Saturated with stylistic similarities to science fiction cinema new and old – from Blade Runner [Ridley Scott, USA, 1982] to Ghost in the Shell [Rupert Sanders, USA/India/Hong Kong/China/Canada, 2017] and everything in between – Venus nevertheless possesses a striking level of intrigue and unpredictability, brought together in a visually stunning triumph of short film-making. A blurring of nature and technology is immediately established as an underlying theme to the cyberpunk short, drawing our interest with the fluttering glitch of a ladybird into unnatural colours. Sitting amidst boundless fields of purple flowers, Iris (Phoebe French) is captivated by the small insect; it’s a vibrant and tranquil reality, virtually supported and too idyllic to last.
Following the grief-driven efforts of her mother (Abigail Moore), Iris is jolted back to life in the unfamiliar and, indeed, inhuman body of a defence model Cyntech Dollee (Margaret Clunie). A repetitive pulsing underscores the Frankenstein-esque process, an unnatural heartbeat as technology installs her consciousness back into the real world and she is swept away in a flurry of pixels. To survive, she must walk the dark, rain-soaked streets in search of ‘Venus’ under the flickering glow of blue and pink neon signs.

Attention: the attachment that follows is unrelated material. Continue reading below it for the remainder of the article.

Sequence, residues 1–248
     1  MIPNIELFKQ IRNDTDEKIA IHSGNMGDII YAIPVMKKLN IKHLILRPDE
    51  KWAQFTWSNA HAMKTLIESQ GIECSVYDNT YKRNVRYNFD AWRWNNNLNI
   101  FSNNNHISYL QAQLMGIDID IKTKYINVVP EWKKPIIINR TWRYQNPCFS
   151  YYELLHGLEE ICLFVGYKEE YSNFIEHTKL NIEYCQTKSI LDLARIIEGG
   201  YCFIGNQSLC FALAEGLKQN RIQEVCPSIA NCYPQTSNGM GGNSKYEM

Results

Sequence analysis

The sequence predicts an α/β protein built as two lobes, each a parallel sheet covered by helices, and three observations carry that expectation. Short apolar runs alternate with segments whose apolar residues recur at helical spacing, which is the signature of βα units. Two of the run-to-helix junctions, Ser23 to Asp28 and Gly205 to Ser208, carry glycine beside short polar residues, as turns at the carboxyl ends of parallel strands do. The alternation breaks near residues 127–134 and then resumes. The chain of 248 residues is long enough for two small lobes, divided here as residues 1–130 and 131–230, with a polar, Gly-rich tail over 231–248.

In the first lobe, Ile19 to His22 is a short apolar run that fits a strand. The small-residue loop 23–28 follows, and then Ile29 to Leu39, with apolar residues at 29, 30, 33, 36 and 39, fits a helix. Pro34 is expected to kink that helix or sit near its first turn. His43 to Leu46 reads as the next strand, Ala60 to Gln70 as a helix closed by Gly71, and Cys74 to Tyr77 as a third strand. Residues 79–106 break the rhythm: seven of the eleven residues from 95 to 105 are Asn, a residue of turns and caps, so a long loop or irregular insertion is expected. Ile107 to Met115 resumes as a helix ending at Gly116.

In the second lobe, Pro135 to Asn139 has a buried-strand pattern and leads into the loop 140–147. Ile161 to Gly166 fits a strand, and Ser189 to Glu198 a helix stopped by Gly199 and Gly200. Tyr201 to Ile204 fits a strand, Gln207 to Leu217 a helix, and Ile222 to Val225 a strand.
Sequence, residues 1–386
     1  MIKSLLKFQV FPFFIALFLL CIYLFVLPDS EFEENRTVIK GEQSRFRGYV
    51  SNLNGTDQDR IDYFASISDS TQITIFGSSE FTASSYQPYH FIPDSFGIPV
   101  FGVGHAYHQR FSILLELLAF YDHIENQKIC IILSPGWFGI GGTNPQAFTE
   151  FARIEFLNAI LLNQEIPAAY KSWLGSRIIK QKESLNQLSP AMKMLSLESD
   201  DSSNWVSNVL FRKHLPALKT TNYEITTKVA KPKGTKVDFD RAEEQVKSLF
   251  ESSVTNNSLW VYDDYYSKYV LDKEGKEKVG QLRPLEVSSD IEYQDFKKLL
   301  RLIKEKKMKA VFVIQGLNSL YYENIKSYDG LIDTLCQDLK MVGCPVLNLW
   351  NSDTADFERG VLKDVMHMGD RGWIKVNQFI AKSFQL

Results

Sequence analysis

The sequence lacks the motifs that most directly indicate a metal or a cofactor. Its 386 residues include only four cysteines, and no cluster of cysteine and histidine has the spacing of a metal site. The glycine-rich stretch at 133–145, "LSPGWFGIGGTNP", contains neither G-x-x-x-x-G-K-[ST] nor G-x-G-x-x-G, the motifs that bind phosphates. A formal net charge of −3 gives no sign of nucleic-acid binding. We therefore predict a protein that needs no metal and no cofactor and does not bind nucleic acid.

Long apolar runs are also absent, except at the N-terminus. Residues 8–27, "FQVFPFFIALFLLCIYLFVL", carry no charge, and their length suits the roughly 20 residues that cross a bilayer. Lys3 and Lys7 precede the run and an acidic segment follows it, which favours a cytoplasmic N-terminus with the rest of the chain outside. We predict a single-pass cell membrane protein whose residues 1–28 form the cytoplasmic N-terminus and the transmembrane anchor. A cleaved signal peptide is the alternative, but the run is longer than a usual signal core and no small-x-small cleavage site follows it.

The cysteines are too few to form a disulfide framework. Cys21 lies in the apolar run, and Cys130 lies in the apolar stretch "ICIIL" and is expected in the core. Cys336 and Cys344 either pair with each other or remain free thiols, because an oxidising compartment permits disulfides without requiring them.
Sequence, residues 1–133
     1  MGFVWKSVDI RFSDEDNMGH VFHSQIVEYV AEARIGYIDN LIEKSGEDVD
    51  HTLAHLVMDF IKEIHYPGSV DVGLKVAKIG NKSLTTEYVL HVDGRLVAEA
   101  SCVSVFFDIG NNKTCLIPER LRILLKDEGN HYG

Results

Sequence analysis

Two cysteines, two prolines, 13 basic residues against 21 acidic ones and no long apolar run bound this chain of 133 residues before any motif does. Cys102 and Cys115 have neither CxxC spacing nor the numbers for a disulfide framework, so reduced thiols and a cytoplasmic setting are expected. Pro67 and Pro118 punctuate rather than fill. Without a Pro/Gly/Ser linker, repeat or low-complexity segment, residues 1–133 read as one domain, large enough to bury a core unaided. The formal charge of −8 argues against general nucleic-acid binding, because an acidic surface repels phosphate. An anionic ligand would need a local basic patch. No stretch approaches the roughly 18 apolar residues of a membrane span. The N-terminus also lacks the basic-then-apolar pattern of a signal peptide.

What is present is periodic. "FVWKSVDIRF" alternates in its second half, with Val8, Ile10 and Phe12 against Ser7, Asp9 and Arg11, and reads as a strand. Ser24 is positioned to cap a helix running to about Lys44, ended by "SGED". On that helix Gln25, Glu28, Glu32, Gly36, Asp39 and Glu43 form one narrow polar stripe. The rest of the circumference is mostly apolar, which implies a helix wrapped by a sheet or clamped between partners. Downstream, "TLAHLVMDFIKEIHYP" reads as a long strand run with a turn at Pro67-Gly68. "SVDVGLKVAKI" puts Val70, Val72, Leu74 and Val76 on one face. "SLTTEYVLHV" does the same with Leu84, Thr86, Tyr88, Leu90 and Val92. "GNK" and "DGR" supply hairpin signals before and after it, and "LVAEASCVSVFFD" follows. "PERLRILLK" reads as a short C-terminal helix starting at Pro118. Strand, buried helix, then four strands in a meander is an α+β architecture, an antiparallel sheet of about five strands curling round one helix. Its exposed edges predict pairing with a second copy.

Aptly named for the Roman goddess associated with love, fertility, femininity and cultivated fields, the film maintains the association in a turn towards themes of prostitution and victory. Skilfully written by Andrew McGee and Tara Shehata, the dialogue hints at the structure of a wider dystopian society, in which Iris and her mother are class zero citizens. The cinematography and editing demonstrate range, contrasting a capacity for subtle emotional engagement with the overt manipulation of colour and animation.
Whilst brief appearances from the supporting cast help to contextualise the plot and deliver a peak into urban life in the futuristic society, it is Clunie’s performance as a trapped soul at odds with her body that drives the narrative forward, striking a fine balance between empathy and ambiguity around her character. From stumbling disorientation to fierce defiance, Iris’ journey is at once captivating and traumatic.
Touching on a wide range of issues in under fifteen minutes, Venus is an exquisitely-crafted glimpse into an urban dystopia about which many questions remain unanswered. From the relationship between technology and perception to Iris' uncertain future, we are left wondering and wanting to learn more.